Following the resignation of CIA Director David Petraeus, which was reportedly prompted by an extramarital affair he had with his biographer, a formerly high-ranking member of the National Security Agency (NSA) claims the FBI’s probe into Petraeus indicates that digital privacy has become a freedom of the past.
“What I’ve been basically saying for quite some time, is that the FBI has access to the data collected, which is basically the emails of virtually everybody in the country,” NSA whistleblower William Binney affirmed in a recent interview with the Kremlin-funded news outlet Russia Today (RT). “And the FBI has access to it.”
Petraeus had allegedly used a pseudonym to create multiple e-mail accounts that he used to communicate with his mistress. One account was shared so they could communicate via messages that they left in a drafts folder, allowing them to correspond without actually sending messages. Computerworld.com poses the more damning question, “If the head of the CIA can't figure out how to keep his emails private, do the rest of us even stand a chance?”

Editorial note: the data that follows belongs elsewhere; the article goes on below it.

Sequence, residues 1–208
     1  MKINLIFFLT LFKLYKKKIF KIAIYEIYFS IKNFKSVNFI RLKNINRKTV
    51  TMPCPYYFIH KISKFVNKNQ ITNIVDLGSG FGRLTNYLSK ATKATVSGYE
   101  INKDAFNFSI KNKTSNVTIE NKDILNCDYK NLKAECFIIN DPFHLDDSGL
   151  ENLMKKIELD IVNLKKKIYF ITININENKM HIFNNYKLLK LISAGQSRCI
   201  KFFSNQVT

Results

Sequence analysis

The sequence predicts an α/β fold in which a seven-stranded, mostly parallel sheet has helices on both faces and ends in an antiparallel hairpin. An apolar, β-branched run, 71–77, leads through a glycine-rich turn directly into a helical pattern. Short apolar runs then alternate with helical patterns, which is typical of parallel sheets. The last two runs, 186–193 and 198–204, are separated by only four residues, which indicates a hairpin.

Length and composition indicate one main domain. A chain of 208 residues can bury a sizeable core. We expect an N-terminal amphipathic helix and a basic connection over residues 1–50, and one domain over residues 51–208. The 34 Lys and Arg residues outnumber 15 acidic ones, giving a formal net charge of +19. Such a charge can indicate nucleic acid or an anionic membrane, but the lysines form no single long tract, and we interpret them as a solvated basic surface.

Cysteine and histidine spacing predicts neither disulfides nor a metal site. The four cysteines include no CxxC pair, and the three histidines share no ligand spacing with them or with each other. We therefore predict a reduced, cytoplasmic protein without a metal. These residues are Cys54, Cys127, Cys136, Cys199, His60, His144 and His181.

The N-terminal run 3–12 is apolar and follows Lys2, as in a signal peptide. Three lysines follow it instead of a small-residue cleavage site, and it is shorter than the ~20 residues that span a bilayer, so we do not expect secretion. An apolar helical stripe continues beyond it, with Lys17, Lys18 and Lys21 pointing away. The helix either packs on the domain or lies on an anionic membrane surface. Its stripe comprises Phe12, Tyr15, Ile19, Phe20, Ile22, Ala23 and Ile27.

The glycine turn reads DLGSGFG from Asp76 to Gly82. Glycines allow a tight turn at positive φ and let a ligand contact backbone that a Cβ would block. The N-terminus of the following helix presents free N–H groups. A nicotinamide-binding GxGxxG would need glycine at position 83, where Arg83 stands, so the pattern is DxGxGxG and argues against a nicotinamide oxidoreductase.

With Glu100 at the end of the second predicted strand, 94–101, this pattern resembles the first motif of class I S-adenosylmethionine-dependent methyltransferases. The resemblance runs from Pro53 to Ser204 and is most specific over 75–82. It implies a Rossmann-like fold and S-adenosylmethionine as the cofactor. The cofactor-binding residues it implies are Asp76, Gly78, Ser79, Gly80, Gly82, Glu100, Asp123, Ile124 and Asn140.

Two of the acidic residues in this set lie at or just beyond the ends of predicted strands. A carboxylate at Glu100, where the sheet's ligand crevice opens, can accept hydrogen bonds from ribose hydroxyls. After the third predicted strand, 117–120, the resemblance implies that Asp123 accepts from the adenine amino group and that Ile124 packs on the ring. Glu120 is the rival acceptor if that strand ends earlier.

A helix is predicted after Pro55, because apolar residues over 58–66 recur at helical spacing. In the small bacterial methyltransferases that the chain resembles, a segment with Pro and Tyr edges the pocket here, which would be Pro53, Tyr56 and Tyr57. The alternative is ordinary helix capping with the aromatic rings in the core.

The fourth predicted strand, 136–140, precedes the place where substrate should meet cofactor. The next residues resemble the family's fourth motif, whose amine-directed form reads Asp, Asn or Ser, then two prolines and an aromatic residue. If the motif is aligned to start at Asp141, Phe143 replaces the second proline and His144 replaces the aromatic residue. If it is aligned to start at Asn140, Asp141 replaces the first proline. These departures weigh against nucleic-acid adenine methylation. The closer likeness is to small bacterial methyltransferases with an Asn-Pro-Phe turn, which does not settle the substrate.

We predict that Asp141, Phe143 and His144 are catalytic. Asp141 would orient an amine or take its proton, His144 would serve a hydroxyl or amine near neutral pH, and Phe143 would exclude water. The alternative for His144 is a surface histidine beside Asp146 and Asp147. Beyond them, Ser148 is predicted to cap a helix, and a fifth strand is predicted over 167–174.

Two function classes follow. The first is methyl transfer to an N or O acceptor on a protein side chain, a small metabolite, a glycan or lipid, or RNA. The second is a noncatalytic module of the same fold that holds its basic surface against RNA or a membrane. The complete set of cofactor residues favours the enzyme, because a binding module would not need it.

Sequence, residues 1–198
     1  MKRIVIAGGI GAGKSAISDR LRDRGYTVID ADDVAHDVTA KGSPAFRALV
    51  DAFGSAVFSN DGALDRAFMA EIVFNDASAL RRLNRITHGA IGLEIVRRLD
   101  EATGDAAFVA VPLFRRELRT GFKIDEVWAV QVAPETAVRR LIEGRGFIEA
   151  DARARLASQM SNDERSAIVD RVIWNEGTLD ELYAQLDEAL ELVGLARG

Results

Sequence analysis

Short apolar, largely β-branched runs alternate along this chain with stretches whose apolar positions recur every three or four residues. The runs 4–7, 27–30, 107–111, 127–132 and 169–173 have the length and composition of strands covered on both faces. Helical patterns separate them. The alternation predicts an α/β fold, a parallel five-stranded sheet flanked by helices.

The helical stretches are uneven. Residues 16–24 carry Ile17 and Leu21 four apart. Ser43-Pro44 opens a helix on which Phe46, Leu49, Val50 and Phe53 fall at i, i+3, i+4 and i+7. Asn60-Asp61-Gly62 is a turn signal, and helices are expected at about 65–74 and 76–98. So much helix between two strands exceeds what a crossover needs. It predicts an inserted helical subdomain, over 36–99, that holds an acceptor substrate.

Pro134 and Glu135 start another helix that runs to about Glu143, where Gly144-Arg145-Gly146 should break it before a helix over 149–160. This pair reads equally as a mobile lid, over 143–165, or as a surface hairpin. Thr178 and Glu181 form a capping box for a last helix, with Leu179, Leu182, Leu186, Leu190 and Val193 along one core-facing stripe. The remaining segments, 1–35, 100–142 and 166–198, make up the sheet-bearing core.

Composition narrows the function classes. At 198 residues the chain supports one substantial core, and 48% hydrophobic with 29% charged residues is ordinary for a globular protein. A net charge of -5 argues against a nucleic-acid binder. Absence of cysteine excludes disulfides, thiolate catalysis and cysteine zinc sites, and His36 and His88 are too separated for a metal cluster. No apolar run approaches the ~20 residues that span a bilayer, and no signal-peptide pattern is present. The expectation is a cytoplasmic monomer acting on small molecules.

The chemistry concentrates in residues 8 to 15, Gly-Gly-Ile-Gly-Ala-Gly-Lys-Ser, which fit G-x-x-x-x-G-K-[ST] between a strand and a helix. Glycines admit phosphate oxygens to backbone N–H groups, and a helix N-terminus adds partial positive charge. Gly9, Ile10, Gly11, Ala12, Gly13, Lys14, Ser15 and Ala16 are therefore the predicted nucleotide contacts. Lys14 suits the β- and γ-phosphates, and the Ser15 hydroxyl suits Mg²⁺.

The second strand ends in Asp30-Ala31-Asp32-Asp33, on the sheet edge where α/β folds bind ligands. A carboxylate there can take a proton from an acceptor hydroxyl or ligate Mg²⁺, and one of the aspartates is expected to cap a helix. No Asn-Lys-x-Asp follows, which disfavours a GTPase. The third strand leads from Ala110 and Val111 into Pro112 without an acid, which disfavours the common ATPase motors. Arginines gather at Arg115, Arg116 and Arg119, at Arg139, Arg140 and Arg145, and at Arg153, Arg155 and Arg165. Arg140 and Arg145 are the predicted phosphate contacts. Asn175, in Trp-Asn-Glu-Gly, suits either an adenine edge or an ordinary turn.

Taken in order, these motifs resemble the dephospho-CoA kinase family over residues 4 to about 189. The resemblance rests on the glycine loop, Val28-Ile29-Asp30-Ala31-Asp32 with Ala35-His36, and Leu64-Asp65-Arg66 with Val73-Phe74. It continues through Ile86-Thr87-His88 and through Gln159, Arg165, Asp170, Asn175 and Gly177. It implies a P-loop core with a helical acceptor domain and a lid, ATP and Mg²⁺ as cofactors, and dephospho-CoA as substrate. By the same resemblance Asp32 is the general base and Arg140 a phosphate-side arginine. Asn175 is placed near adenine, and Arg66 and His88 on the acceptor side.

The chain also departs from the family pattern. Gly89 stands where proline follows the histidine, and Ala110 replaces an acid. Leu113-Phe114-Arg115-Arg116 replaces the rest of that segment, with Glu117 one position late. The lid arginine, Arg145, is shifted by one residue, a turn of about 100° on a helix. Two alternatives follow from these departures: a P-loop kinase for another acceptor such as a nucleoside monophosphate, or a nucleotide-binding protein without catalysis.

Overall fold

Binney stands among a number of other former officials who have testified against the NSA, exposing a series of controversial methods that could put an end to the agency’s post-9/11 domestic surveillance campaign. Evidently, Binney resigned from the agency after observing countless acts of what he determined to be blatantly illegal methods to spy on the American people.
One effort he deemed unconstitutional was the use of a technology referred to as “Naris,” which the NSA uses to aimlessly harvest e-mails and other digital information without having to receive permission from providers. Binney testified that all congressional lawmakers are being monitored as well.
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